Cato

October 16, 2012 — 18 Comments

How could one of Rome’s—and history’s—most respected “philosophers” have gotten away with never really writing anything? Because stoic philosophy is about action, not words. Men were considered philosophers based on how they lived life, not on how they studied, wrote or spoke about it.

Cato was such a man. He was a soldier, a politician, a thinker and most important an example. His unassailable place in Roman culture is best seen in the old proverbial expression used to make excuses: “We’re not all Catos.”

He lived on principle—often stubbornly and ineffectual so. But it wasn’t just for show. Cato also died on principle—gruesomely, and heroically so.

For whatever reason, as a historical figure, he has been so intimidating that basically no one has written about him since Plutarch. The legends, it seems, were more appealing than a human biography. I’ve tried to write about Cato before. And I’ve referred to him in other posts and places. But in terms of books, the offerings are scant.

Two friends of man have taken a stab at it though. I’ve been lucky enough to see the book develop, and as a result of the early drafts, been thinking about Cato for close to 18 months now. Like the authors, I struggled with strong feelings about Cato—both respect and disgust in fact. It’s hard to wrap your head around a man who was so brave, yet often so petty. He was a constant violator of the final law of power: assume formlessness.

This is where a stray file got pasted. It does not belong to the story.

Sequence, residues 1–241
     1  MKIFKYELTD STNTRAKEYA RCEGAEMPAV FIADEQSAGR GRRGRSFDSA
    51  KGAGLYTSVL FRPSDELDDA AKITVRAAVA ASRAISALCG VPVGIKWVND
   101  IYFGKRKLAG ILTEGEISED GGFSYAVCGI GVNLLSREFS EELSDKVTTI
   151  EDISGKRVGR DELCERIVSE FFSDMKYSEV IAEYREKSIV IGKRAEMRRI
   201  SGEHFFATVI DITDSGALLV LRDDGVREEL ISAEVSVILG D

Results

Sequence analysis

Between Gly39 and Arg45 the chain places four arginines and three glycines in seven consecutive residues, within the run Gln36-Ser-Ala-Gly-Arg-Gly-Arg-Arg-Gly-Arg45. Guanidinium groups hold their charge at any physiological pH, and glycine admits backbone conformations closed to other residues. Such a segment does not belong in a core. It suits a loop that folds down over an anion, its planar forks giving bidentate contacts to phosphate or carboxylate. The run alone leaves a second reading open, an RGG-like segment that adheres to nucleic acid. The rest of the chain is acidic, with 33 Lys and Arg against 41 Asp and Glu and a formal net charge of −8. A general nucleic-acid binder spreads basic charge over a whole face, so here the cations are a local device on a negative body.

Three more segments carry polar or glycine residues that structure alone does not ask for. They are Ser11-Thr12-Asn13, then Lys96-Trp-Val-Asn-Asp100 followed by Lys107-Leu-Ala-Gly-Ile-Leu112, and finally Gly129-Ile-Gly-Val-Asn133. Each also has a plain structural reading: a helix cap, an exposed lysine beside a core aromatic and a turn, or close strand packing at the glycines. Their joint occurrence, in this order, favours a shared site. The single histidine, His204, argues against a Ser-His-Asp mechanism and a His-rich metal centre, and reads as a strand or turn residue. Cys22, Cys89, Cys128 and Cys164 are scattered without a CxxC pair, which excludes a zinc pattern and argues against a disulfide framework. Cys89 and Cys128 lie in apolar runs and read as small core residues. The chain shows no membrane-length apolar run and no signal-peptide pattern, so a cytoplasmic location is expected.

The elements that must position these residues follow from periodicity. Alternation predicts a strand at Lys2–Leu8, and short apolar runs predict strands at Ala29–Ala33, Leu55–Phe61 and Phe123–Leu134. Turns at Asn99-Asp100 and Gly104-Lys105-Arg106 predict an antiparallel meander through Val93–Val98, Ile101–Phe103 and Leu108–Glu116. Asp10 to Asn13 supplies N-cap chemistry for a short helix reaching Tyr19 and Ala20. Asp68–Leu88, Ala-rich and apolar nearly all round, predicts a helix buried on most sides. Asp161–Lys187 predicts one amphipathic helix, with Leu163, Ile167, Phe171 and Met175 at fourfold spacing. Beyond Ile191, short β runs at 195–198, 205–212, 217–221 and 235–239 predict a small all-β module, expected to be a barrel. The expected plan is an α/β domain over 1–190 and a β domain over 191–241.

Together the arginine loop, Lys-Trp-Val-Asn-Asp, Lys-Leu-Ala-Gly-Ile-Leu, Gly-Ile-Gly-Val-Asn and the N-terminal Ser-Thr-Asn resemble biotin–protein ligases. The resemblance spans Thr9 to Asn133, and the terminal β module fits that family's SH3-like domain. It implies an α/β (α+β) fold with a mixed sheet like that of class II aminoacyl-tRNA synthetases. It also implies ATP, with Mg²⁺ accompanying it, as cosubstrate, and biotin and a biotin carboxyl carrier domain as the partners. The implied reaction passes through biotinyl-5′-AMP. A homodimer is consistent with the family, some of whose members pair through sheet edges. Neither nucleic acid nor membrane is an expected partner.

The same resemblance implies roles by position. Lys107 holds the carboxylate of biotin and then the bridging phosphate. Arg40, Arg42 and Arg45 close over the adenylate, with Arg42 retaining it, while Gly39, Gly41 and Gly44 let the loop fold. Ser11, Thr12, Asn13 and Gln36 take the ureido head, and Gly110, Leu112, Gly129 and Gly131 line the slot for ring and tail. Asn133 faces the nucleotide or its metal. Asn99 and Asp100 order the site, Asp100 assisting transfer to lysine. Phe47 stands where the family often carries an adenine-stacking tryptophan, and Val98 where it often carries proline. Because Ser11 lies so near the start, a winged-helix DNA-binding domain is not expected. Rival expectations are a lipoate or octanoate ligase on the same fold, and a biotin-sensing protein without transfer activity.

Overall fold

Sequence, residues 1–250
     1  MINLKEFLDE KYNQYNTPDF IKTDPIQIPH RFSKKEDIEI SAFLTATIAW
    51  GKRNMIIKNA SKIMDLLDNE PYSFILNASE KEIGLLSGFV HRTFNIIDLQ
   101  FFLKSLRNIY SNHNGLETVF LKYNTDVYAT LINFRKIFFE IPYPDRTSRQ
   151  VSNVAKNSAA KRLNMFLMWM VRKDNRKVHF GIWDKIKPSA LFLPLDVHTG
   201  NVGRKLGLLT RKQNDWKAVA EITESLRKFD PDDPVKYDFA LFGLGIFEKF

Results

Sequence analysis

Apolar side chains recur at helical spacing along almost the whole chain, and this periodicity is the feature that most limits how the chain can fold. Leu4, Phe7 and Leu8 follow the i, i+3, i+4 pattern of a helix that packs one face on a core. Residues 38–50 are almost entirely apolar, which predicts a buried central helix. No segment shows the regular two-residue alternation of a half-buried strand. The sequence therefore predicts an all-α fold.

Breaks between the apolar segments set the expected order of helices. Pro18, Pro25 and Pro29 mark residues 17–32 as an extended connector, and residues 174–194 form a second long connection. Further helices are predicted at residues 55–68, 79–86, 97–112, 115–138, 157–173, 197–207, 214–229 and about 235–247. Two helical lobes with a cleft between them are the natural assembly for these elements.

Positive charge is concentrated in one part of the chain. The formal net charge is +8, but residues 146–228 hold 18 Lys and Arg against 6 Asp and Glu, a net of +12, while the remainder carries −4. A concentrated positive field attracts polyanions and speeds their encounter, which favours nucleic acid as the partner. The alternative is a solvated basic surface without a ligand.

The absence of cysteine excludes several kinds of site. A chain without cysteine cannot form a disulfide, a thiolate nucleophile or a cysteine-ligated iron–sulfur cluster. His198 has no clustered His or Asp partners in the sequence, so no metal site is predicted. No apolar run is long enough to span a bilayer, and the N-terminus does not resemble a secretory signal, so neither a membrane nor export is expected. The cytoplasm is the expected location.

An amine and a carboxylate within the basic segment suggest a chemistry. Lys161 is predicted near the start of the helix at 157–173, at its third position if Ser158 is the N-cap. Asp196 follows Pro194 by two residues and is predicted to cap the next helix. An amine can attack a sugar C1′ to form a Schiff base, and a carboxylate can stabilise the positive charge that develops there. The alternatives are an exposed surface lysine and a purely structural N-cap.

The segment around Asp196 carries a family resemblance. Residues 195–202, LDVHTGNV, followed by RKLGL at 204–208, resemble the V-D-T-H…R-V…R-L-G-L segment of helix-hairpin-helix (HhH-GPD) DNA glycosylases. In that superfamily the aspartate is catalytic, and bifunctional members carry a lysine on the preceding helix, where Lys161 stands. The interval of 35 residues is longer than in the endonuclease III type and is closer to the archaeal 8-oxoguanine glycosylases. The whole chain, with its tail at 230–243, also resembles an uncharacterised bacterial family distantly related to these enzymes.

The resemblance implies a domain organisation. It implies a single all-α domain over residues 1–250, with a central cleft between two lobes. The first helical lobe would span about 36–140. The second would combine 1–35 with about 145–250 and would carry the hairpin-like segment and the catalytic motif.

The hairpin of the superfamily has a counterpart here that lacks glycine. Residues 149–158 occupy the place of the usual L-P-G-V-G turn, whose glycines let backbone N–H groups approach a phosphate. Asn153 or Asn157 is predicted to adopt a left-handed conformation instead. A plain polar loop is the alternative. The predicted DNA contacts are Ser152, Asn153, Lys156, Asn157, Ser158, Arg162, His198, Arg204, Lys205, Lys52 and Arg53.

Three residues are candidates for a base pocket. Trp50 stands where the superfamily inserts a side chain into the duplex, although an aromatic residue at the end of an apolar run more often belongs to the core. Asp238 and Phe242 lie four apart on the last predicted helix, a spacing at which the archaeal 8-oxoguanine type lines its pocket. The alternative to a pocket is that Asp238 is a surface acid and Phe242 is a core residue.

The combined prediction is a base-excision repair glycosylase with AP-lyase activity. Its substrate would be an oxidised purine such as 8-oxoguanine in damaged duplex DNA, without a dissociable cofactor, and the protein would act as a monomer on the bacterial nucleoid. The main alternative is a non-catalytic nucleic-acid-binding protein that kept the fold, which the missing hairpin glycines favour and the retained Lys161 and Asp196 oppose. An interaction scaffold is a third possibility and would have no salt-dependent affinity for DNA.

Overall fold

Cato could not compromise, ever, even when it was best for the cause he claimed to hold dear. He’s a tragic figure in that sense, more Greek tragedy than Roman pragmatism. But an inspiring, bold and self-sufficient moral example nonetheless.

I’ve recommended a lot of biographies on this blog, from Everitt’s books on Augustus, Hadrian and Cicero to Liddell’s Sherman. I love biographies. I think they are the best way to start a deep study of a subject. Start with people, move on to events and then you can understand the ideas behind them.

Rome’s Last Citizen: The Life and Legacy of Cato, Mortal Enemy of Caesar is a book like that. It’s subject is worth studying, particularly today. There’s a lot to learn from a politician who couldn’t be corrupted. A philosopher who refused to write. A millionaire who lived among his soldiers and people. He is Marcus Pocrcius Cato, a man of a different epoch—some two thousand years passed—but a man, who we, without a question, are better off knowing. Cato, as Paul Johnson said of Socrates, is a man for our times.

Ryan Holiday

I'm a strategist for bestselling authors and billion dollar brands like American Apparel, Tucker Max and Robert Greene. My work has been used as case studies by Twitter, YouTube and Google and has been written about in AdAge, the New York Times, Gawker and Fast Company.

18 responses to Cato

  1. If I recall correctly, the tragic story that comes to mind when I think of Cato is of Julius Caesar being in the senate and handed a note, Cato demands it is read publicly, to which Caesar demurs. Cato then forces Caesar to read it and it turns out be a love-letter from Cato’s wife to Caesar.

    • Patrick, it was actually Cato’s half-sister who was Caesar’s mistress at the time.